Our survey revealed that an inability to experiment quickly is the greatest barrier to digital transformation that logistics companies faced in 2018.
Nearly two fifths of respondents (39%) worry that their companies lack the capacity for rapid experimentation that is essential for testing different technologies and figuring out which ones hold the most promise.
Most companies believe that they can quickly develop this capability. Only 27% of respondents in the logistics industry felt that lack of rapid experimentation skills would still frustrate their digital transformation in 2019.
Barriers to digital transformation
We believe that companies underestimate the challenge of mastering the art of rapid experimentation. Companies need to implement major cultural changes to become adept at rapid experimentation, according to Alok Uniyal, vice president and head of Agile and DevOps at Infosys. Significant cultural shifts rarely happen quickly.
Respondents in other industries generally feel that most barriers to digital transformation will diminish over time, but that’s not the case in logistics.
Legacy systems currently rank as the most commonly cited barrier (named by 40% of respondents) by logistics companies. But participants expect that it could become an even more serious barrier in 2019.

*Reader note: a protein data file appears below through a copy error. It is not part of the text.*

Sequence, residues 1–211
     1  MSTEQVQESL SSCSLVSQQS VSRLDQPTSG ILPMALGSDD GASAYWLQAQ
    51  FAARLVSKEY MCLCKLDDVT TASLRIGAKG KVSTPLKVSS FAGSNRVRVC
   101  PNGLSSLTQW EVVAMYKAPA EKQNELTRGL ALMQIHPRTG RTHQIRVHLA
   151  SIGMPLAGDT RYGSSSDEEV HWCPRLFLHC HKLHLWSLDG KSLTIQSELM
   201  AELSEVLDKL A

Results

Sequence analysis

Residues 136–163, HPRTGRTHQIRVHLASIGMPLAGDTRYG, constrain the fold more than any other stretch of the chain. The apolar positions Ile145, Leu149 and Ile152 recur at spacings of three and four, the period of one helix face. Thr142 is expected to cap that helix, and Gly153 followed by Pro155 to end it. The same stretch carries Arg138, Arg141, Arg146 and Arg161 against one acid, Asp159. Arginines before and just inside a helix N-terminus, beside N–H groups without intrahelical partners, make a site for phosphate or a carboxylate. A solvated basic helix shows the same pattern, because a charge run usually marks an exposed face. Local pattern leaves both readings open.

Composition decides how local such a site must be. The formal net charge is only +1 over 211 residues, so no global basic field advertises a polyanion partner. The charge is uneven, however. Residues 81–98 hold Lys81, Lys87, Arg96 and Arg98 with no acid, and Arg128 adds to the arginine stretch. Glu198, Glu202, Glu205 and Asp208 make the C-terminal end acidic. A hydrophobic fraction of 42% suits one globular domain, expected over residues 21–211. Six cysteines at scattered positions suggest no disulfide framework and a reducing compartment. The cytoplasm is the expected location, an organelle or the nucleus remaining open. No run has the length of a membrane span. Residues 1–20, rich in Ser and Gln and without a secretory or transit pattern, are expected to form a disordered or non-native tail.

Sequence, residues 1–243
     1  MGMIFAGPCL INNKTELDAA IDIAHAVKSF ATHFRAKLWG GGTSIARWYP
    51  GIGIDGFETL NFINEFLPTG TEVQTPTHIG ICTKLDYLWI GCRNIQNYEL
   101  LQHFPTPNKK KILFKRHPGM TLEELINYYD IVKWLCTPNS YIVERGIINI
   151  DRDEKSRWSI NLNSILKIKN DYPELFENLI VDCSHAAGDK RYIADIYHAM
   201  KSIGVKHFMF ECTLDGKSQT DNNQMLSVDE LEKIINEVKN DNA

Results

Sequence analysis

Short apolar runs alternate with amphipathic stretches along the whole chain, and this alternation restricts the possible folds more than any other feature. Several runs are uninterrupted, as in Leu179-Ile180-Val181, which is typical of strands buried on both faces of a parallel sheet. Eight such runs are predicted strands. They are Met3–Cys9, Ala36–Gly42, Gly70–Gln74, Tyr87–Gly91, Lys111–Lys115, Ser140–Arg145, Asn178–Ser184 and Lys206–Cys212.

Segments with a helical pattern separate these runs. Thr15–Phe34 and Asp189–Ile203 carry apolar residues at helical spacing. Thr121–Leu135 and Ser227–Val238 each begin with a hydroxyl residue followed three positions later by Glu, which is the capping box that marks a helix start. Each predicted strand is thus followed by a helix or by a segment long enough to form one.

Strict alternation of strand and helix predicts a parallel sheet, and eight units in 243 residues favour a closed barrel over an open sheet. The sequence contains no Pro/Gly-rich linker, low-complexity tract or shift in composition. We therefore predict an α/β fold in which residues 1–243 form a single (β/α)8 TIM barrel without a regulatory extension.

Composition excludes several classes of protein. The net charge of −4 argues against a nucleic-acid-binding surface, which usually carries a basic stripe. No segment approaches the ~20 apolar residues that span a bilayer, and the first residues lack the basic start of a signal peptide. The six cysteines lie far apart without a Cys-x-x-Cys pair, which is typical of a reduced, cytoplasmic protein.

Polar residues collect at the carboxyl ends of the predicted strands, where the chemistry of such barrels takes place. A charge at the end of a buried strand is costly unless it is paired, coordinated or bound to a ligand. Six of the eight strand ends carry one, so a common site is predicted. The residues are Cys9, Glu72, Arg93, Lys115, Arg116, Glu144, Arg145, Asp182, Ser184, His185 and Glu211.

Overall, digital natives cite their lack of legacy systems as a major competitive advantage. John Murphy, senior principal at Infosys Consulting, said legacy logistics companies need systems that allow them to enter data once and then use that information “upstream and downstream.”
“You want your logistics execution systems, such as transportation management, warehouse management, global trade management and labor management systems, to be tightly integrated with your ERP system,” Murphy said. “Historically, achieving real-time integration between these systems has been a challenge.”
Experience with digital transformation is a double edged sword. On one hand, the visionaries who have progressed the furthest along the digital transformation journey recognize the most barriers, identifying at least four from the list of 10 that we provided.
At the same time, logistics visionaries are also more optimistic than their counterparts in the watcher and explorer groups about overcoming these barriers. This demonstrates that companies become more confident as they gain experience with implementing successful pilots and bringing ideas to scale on their digital transformation journey.